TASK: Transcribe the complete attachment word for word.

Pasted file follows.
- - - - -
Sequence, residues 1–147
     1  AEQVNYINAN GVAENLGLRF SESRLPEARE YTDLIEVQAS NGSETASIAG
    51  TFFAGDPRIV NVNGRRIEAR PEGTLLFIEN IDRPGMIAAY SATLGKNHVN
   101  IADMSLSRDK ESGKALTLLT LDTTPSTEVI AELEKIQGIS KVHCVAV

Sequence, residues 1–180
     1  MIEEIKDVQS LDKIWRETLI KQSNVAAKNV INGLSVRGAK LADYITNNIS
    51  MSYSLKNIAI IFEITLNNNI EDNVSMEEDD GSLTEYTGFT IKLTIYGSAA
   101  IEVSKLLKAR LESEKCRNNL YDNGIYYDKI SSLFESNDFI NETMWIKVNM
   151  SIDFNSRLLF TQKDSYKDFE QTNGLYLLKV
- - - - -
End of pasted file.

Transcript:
Sequence, residues 1–147
     1  AEQVNYINAN GVAENLGLRF SESRLPEARE YTDLIEVQAS NGSETASIAG
    51  TFFAGDPRIV NVNGRRIEAR PEGTLLFIEN IDRPGMIAAY SATLGKNHVN
   101  IADMSLSRDK ESGKALTLLT LDTTPSTEVI AELEKIQGIS KVHCVAV

Sequence, residues 1–180
     1  MIEEIKDVQS LDKIWRETLI KQSNVAAKNV INGLSVRGAK LADYITNNIS
    51  MSYSLKNIAI IFEITLNNNI EDNVSMEEDD GSLTEYTGFT IKLTIYGSAA
   101  IEVSKLLKAR LESEKCRNNL YDNGIYYDKI SSLFESNDFI NETMWIKVNM
   151  SIDFNSRLLF TQKDSYKDFE QTNGLYLLKV